Driven from Arctic sea ice earlier because of global warming, polar bears hunted for duck eggs on land but did so with less-than-optimal movement and awareness of resource scarcity, according to a new study, raising questions on their ability to adapt to living off the ice.
A team of Canadian biologists, who published their findings April 6 in Royal Society Open Science, suggested that the polar bears' inefficient hunting means that seabird eggs might not play as large a role in their future diets as expected — despite predictions that the endangered bears will rely on the eggs for sustenance more heavily as melting sea ice gives them fewer opportunities to hunt seals.
Lead author Patrick Jagielski, an ecology researcher at the University of Windsor, said that for more than two decades his research team has been studying the stressors of common eider ducks on Mitivik Island, a 0.1 square mile island just outside the Arctic Circle in Canada's Hudson Bay. In recent years, the researchers noticed that polar bears were arriving on the island earlier in the year than usual and were eating common eider eggs.
"Given the increasing perturbation by bears here (and at other avian colonies), it was important to determine if polar bears are gaining appreciable calories from eggs ... and if they are foraging efficiently," said Jagielski, who was a master's student when the study was conducted.
Polar bears have been known to eat seabird eggs, but not usually in significant amounts because their primary prey are seals, whose fat-dense blubber contains large amounts of calories. But rapid warming in the Arctic is forcing polar bears to travel farther and expend more energy by swimming to find food. Seabird eggs are considered part of an emerging alternative diet for polar bears.
In 2017, Jagielski and his co-authors — who included University of Windsor, Canadian government and Inuit researchers and partners — tracked polar bears on video with drones and camera traps as they traveled through Mitivik Island and ate eggs from the nests of common eiders. Up to 20 bears were observed between July 10 and 20, about halfway into the average incubation period of the birds' eggs.
The observed polar bears deviated from optimal hunting behavior in a few ways. They could not distinguish a full nest from one that had already been hunted, and their movement was inefficient as nests with eggs became more scarce; they made a large number of turns, for example.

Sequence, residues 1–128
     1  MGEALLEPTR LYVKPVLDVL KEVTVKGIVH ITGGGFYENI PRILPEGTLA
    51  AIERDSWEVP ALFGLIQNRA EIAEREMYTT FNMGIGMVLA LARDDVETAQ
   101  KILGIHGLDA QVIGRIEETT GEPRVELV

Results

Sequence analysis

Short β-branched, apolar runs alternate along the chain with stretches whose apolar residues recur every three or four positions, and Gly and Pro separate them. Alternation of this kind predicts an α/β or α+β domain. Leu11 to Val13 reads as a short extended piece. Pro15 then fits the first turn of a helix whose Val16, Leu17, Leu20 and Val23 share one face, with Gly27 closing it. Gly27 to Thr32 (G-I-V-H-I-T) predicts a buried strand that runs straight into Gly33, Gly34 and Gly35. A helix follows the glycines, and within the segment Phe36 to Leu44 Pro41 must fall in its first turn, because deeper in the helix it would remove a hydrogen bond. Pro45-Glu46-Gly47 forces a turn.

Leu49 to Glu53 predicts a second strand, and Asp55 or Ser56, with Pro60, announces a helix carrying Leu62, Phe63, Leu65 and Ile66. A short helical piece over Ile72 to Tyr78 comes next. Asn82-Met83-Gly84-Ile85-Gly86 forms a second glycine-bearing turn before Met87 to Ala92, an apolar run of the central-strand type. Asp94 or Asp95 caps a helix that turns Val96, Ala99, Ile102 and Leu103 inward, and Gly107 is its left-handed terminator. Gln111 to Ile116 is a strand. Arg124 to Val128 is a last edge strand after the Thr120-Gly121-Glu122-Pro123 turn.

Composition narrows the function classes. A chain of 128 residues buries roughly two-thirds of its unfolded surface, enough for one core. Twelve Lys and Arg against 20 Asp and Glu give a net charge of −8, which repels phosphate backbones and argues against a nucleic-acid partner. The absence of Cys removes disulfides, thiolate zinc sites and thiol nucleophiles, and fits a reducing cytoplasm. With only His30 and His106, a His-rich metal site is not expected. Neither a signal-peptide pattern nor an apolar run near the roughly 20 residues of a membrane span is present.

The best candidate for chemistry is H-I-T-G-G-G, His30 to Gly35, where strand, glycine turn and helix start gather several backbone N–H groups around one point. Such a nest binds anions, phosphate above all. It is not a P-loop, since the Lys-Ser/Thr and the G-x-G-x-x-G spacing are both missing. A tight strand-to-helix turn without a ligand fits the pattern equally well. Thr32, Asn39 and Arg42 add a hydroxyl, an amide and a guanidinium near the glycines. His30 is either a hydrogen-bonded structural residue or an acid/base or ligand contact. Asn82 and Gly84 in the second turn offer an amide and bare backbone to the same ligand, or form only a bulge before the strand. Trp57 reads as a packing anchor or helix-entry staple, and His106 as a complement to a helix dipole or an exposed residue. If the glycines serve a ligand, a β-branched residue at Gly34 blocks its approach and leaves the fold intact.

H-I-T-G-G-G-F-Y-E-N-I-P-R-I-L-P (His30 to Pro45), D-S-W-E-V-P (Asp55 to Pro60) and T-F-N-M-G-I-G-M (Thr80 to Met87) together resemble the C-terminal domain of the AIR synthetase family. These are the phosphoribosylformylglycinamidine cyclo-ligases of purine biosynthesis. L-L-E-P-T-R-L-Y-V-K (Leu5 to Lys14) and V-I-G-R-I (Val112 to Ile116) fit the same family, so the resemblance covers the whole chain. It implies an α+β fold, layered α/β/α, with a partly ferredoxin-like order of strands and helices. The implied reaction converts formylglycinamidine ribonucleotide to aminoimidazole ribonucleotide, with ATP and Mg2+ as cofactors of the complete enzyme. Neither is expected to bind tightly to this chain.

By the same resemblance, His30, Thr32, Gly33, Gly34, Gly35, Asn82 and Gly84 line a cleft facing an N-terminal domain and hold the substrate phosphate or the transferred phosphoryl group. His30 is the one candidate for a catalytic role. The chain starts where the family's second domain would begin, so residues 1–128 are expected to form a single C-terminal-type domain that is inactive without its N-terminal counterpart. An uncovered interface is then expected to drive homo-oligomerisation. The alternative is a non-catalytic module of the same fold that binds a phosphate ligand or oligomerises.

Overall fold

The bears also found and ignored some groups of eggs, known as clutches, which contradicted the authors' predictions.
"The most surprising thing that we found is that bears ignore clutches, which we hypothesized was a result of being covered by eider faeces," Jagielski said, referring to the ducks' defense mechanism against predators. "We naturally assumed that they would eat every clutch they came across, but that was not the case."
Aspects of the flawed hunting could be attributed to inexperience with hunting for bird eggs or already being "full" before arriving on the island, the researchers said. They also noted that polar bears have been known to ignore or walk by full seabird nests directly in their foraging path, according to previous research.
The bears did get some parts of egg-hunting right. They foraged more nests when they picked up on visual cues, such as fleeing common-eider hens, though they didn't use the strategy consistently, according to the researchers. They also became less picky as fewer untouched nests remained on the island.
The study has a limited sample with only one year included, Jagielski said, but it provides a baseline for polar bears' hunting abilities as well as rare high-quality footage of their hunting behaviors.
In a paper published in January, the same group of researchers found that polar bears can satisfy or even exceed their daily energy usage by eating common eider eggs early in the season. But if they are worse at hunting for eggs than expected, the benefit the endangered species can derive from the eggs is limited.
"Poor foraging performance may influence the energy bears gain from eggs, which may impact the overall contribution they make to their diet," Jagielski said.
Furthermore, it is unclear whether common eider eggs can play a sustainable role in the polar bear's diet. The biologists suggested that polar bears could become more effective egg hunters over time as they become more experienced over several hunting seasons. But the duck population could face "devastating" consequences if more polar bears hunted their eggs, they said, and the eggs could become an unreliable food source as the bears look to replace the seal-shaped hole in their diet.
Jagielski and his research team are now investigating how common eiders are responding to the polar bears' presence and whether they may use strategies to delay predation of their eggs long enough for their chicks to hatch.
The study, "Polar bears are inefficient predators of seabird eggs," published April 6 in Royal Society Open Science, was authored by Patrick Jagielski, Cody Dey, Oliver Love and Christina Semeniuk, University of Windsor; and H. Grant Gilchrist and Evan Richardson, Environment and Climate Change Canada.